I’ve always loved the Toyota Corolla, which celebrates 50 years on the planet this year (starting in Japan and then migrating over the ocean to us). It has always proved to be a smart, practical car that gives you a feeling of assurance when even your insurance policies can’t assure you of anything.
This year’s Corolla follows in that same smart, safe tradition, with a new, upgraded interior, LED headlights, rearview camera and a generous number of standard features that make this car like many a man in my life: they just keeping getting better as they get older.
I will admit a bias: the Corolla was my first car after graduating from college with a liberal arts degree. I needed something smart and economical. With my father’s help, I bought a simple Corolla Tercel that was white on the outside, ocean blue on the inside and looked very practical, like a fleet vehicle. I had the car for almost 20 years until it became terminally ill and I had to give it to National Public Radio. It served me well even as its windows were shot out, its tires were slashed, and thieves took my $600 stereo system with high-fidelity cassette tape player. Twice.
Perhaps now more than ever, a sure thing is a good thing (like Hillary Clinton would have been). The Corolla, one of the most recognized car names in history, is a name upon which you can rely. For everything. Standard features for 2017, in addition to the backup camera, include adaptive cruise control, powers doors and mirrors, Siri eyes-free voice control, Bluetooth, and for me, I really like the standard CD player. Go up the trim chart, and all kinds of nice but perhaps unnecessary accessories await. For getting you around town, only you know how much you need. Thus, choose wisely.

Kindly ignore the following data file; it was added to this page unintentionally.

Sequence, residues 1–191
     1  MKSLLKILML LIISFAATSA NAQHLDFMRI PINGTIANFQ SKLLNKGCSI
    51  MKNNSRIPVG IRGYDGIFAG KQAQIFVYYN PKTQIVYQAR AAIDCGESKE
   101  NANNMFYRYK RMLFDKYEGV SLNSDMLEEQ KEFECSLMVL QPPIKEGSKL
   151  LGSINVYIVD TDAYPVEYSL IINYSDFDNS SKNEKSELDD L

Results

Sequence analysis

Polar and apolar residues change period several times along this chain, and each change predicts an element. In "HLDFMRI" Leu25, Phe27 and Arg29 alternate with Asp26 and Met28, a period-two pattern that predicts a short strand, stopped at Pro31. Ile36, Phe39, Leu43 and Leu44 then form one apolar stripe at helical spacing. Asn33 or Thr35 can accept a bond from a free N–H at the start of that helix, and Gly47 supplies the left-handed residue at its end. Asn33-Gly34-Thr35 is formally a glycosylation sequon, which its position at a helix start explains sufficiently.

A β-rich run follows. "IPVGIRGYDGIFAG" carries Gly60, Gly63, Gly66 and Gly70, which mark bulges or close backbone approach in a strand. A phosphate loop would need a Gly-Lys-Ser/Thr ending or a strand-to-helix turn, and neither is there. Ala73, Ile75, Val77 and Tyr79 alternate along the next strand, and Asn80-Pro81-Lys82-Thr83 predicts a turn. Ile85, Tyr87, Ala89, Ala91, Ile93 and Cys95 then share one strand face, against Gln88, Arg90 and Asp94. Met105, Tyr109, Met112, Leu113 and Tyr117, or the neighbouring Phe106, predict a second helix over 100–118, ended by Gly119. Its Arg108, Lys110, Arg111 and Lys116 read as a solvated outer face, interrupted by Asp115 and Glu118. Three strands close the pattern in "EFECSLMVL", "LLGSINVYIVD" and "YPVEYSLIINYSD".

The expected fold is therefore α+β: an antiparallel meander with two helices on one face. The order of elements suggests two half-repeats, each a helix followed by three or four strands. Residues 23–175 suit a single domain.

One nice feature of this year’s Corolla is that it starts out affordable ($18,500 for the base L trim) and goes all the way up to the top trim, the XSE, which starts at $22,680. I test drove the XSE, Toyota’s top dog, and that comes with some elegant features like a sunroof, keyless ignition and entry, heated front seats, and an eight-way power-adjustable driver seat. That’s a far cry from the $5,000 I paid in 1982 for a brand new basic Toyota Corolla Tercel, but 1982 is a far cry from where we as LGBTQs are today. Yes, sometimes the price goes up as the package gets more beautiful while remaining efficient.
There are cars out there with a lot more whiz and bang and whatever else your sexual desires include. Sure, there is some sparkle and glitter to this year’s Corolla, but really, it’s just a nice simple reliable car. It’s nothing terribly fancy. It’s not Pink dangling from a high wire at the Grammy Awards or Lady Gaga jumping off the Astrodome at the Super Bowl. The Corolla is perhaps just a young woman, regardless of politics, singing the national anthem alongside her transgendered sister.
And I still say Jackie Evancho’s parents put her up to singing at the Inauguration in January…..